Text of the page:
To achieve environmental goals, governments need to make serious investments in agriculture modernization and long-term support.
Canada’s federal government recently announced $ 13.7 billion in potential subsidies for Volkswagen to build a new electric vehicle battery plant in the country. It’s an investment which supporters say paves the way for a green technology transition, and bettering the environment as a whole, while providing much-needed jobs to thousands.
Detractors have a more literal way of interpreting the above phrase – “pave” being a key word.
As one of those detractors, and as someone from an industry under particularly tough environmental scrutiny, I consider the multi-billion-dollar investment indicative of an endemic political failing in how countries like Canada try to achieve climate goals. Namely, mistaking short term solutions for long term ones, and not recognizing the assets we already have – a vibrant agriculture sector ripe for modernization, but one in desperate need of long-term support.
Aside from the vast cost in public funds, the new Volkswagen plant will destroy some 1,500 hundred acres of prime farmland and remaining natural areas, with secondary effects seeing yet more lost to expanded urban sprawl, industrial sprawl, and infrastructure expansion. In a province which as of 2021 loses an average of 319 acres of farmland every single day (the true number is likely much higher at this point), are investments like this actually a good idea? And while the need to kick our fossil fuel habit is real, is the answer really to just make more but different kinds of cars for a country utterly devoid of regional public transit?
How long-term will the jobs associated with the plant and associated industry actually be? What happens when we (inevitably) hit a major recession or depression? Whether public or private, even jobs which seem safe and stable are only that way until budgets need to be cut.
As so often happens, I get the feeling the battery plant is, in reality, yet another shiny object distracting us from real economic and environmental solutions
What industry has been around, in some form or another, through economics thick and thin? Agriculture.
What industry supports communities across the country, and contributes vastly more to Canada’s GDP than the automotive sector? Agriculture.
What industry is on the cutting edge of biotechnology, robotics, self-driving vehicles and other technologies? Agriculture.
What industry has the potential to simultaneously sequester carbon, expand or re-establish natural areas, and produce more food with less, all while supporting an enormous and diverse quantity of jobs and independent businesses? Agriculture.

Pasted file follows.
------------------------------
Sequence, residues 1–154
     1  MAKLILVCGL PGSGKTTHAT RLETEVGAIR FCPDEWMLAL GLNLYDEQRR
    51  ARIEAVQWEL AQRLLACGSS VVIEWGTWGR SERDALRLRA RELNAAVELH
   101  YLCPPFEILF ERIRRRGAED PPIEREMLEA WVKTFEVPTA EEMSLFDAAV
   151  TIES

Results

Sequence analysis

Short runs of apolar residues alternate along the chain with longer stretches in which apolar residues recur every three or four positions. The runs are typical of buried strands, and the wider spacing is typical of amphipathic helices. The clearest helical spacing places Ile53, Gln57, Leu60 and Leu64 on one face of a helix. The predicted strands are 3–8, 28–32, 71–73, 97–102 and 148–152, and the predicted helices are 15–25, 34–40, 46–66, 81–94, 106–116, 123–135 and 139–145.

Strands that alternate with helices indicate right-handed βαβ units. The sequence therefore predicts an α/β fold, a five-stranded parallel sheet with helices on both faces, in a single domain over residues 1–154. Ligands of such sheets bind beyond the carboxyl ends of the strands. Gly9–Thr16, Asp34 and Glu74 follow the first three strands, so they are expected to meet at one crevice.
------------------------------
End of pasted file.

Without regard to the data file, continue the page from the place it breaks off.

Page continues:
Few other industries have this capability and potential. Yet the amounts invested in things like the Volkswagen plant – which I’d argue certainly does not have the same overall capability – are vastly disproportionate.
For example, the latest federal funding program for Canada’s entire agriculture sector totals $ 3.5 billion over the next five years. Even if that amount is doubled to account for a full decade, it’s still less than half the total amount of public funds going a single (albeit huge) Volkswagen plant, and just barley over half of the federal government’s battery plant investment. Admittedly, this is not a true apples-to-apples comparison, but it illustrates the point.
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Agriculture support programs are in constant flux, making it hard to know whether an investment today will still pay off tomorrow. As governments come and go, so too do their priorities. Farmers find themselves responding to a myriad of changing policies, public pressures, and at times incomprehensibly rapid economic events. Historical pressures to continually maximize production and “go big or get out” are, arguably, still at play as well – plus the need to modernize with new production technology, lower greenhouse gas emissions, and produce more with fewer resources and a shrinking land base.
This isn’t just a Canadian or North American problem – it’s global. As farmers and the farm sector are continually pushed and pulled in a dozen directions, governments worldwide continue pushing big, one-off projects with mountains of capital, not realizing they would garner a much better return-on-investment in a sector integral to the economy, let alone literal survival.
Think of what another $ 13.7 billion could do for the environment if it were invested in agriculture
How much could we reduce nitrogen-based greenhouse gas emissions if every farmer had easy, affordable access to precision application equipment and fertility technologies? How much more resilient could our crops be to harsh climate conditions if we establish serious, long-term breeding programs that embrace modern biotechnology techniques? What’s the economic value of ensuring farms are effectively passed from generation to generation, or of programs to help new farmers get their start without taking on obscene levels of financial risk?
These are just questions, of course. I remain convinced, however, of the near endless opportunity for the agriculture sector to support the environmental in a truly positive way.
Electric cars might be shiny – but they are not a solution in of themselves. We have to quite acting like magpies, and start thinking like philosophers and scientists.